Lubbock, TX – A Texas grandmother has been credited with stopping a mass shooting after she talked her 19-year-old grandson into getting psychiatric help.
William Patrick Williams called his grandmother from a hotel room on July 13 and told her he was feeling homicidal and suicidal, The Washington Post reported.
His grandmother told police she could hear him fiddling with the new AK-47 he’d just purchased as he talked to her.
A criminal complaint filed by the U.S. Attorney’s Office said that Williams told his grandmother that he wanted to “shoot up” the hotel and then “commit suicide by cop” when police responded to the scene, The Washington Post reported.
Williams’ grandmother talked him into letting her take him to Covenant Medical Center in Lubbock for a psychiatric evaluation instead.
When officers searched his hotel room later with Williams’ permission after he had been hospitalized, they found that the man had set out his guns and all of his gear on his bed, The Washington Post reported.
Police found an AK-47 rifle, 17 magazines loaded with ammunition, a black trench coat, black tactical pants, gloves, and a black t-shirt with the words “Let ‘Em Come.”
"This was a tragedy averted," U.S. Attorney Erin Nealy Cox said in a statement. "I want to praise the defendant's grandmother, who saved lives by interrupting this plot, as well as the Lubbock police officers and federal agents who investigated his unlawful acquisition of a deadly weapon."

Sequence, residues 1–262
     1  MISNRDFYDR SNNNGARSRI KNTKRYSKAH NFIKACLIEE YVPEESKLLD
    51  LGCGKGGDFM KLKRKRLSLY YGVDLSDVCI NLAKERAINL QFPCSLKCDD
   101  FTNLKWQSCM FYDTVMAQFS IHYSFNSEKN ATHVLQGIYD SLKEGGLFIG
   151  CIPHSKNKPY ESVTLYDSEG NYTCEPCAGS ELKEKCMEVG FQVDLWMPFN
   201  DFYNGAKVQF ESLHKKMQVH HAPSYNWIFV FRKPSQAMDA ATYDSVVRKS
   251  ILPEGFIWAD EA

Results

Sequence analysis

“We avoided another huge crisis,” Cox told The Washington Post.
Cox said the 19 year old was not on any state or federal watch lists and gave all the credit to the would-be gunman’s grandmother.
“We wouldn’t have known he was contemplating this,” the prosecutor said. “She saved his life, injury to him, and probably to multiple people’s lives.”
Williams was arrested Aug. 1 and charged with making false statements to a firearms dealer, The Washington Post reported.
Court documents said Williams had submitted a firearms form to a gun dealer on July 11.
On the form, he said that he lived at his aunt and uncle’s address, according to The Washington Post.
However, Williams had moved out of the aunt and uncle’s home several days earlier.
Federal officials from the Bureau of Alcohol, Tobacco, Firearms, and Explosives determined the address was outdated when Williams signed the form, The Washington Post reported.
If convicted, he could be sentenced to up to five years in prison.